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Epidemiology and control of cowpea mosaic in Western Nigeria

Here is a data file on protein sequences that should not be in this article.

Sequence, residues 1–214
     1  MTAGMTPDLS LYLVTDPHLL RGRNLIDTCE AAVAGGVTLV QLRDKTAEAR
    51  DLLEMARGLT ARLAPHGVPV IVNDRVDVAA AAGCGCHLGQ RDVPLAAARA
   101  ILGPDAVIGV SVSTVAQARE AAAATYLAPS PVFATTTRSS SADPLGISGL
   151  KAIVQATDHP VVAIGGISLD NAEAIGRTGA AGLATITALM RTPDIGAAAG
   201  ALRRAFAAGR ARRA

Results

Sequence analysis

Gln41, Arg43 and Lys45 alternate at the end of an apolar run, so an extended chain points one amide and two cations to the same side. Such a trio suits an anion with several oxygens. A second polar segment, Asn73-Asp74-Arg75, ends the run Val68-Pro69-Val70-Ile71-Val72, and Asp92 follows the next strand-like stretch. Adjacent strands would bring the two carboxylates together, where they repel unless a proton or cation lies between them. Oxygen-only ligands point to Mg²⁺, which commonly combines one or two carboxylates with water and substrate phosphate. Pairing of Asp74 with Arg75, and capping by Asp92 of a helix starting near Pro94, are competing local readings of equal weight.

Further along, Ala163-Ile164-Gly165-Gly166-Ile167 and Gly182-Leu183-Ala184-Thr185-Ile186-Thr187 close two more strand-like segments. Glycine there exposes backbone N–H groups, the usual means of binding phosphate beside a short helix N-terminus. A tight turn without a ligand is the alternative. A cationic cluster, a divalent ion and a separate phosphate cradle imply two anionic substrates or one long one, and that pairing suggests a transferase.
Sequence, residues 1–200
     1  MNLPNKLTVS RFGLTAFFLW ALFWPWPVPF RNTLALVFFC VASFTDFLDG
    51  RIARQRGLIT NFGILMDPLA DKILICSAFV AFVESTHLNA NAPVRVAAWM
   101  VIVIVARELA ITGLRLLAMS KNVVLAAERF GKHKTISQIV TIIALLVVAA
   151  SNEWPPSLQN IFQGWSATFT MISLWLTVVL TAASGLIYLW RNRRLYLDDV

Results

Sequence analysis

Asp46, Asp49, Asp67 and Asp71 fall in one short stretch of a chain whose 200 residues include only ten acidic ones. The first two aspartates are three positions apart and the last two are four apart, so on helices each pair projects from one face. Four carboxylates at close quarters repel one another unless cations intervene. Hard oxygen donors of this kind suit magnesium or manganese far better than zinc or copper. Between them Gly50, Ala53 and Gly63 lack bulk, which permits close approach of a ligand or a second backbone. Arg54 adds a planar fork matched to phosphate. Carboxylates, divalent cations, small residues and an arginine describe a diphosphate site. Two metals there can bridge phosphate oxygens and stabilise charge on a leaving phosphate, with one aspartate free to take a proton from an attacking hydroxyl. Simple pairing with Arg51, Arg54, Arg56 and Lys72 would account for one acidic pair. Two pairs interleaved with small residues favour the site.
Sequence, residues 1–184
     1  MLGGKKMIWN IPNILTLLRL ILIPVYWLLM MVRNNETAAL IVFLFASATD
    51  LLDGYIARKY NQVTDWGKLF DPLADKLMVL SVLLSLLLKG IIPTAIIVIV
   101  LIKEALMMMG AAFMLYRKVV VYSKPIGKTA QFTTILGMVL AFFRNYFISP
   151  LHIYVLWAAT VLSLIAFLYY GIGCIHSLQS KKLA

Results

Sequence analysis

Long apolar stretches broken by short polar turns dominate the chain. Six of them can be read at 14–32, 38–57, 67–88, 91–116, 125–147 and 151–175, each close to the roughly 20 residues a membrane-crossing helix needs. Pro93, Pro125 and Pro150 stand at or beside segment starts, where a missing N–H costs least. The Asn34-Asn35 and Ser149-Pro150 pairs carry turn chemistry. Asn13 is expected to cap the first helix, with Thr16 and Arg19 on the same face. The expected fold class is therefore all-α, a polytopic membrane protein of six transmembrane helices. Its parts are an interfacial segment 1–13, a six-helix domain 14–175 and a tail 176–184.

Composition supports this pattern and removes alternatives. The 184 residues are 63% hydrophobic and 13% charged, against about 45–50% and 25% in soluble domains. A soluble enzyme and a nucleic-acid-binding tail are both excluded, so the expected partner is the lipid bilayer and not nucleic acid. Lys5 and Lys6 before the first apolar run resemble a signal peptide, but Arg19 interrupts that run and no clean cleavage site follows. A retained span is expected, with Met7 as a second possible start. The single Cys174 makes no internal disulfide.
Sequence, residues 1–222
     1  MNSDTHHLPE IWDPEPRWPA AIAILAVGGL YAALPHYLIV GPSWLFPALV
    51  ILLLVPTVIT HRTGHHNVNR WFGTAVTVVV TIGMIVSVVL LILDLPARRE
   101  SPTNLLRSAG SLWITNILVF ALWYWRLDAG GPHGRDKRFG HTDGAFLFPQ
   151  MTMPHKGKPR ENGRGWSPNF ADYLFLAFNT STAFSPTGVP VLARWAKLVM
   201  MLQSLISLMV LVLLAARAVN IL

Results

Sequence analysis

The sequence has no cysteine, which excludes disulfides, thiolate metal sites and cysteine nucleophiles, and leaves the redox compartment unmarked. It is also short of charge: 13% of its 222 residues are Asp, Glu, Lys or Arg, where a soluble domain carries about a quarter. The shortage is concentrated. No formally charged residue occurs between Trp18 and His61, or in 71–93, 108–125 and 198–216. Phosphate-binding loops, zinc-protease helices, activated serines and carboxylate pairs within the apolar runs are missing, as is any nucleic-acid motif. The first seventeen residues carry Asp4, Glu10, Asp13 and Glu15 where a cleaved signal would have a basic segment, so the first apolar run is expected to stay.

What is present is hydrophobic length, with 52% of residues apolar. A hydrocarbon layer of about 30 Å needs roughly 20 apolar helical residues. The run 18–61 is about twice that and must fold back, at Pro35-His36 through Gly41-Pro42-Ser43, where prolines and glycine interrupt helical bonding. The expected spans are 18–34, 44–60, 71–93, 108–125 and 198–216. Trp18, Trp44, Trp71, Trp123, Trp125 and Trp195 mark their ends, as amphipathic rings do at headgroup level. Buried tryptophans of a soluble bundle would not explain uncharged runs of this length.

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Cowpea mos1aic is a serious virus disease of cowpea in the Ibadan area. Disease incidence may reach 80% at harvest. The disease also occurs in soybean, sword bean, Mexican yam bean, and lima bean. Two well-defined disease syndromes occur in cowpea: a bright yellow fleck or mosaic (YF type) and a green mott1e with leaf distortion and puckering (GB type). GB type isolates are general1y more injurious than YF type isolates, but the two are closely related serologically to each other and to a CPMV isolate from Arkansas, USA. Economic injury to cowpea depends on three factors: virus isolate, tolerance of the infected cowpea cultivar, and most important, age of the host plant at time of infection. Early infections (7 days after emergence) reduce yields ~y 40-60% but late infections (after flowering) cause reductions of duly 5-10%. The virus is transmitted through seeds from infected plants (about 1-5%) and such infections appear to supply inoculum for secondary spread in the field. In addition to the known vector, Ootheca mutabi1is several new vectors have recently been identified: two beetles, Luperodes lineata and Nematocerus ac rbus, the grasshoppers Zonocerus variegatus and Catantops spissus, and t e thrips Sericothrips occipitalis and Taeniothrips sjostedti. The most Beasib1e means of control of the disease is the use of host immunity, present in several cowpea cultivars. Preliminary data indicate that more than one recessive gene is involved. Breeding programs will be complicated,to some extent, by differences in pathogenicity of virus isolates.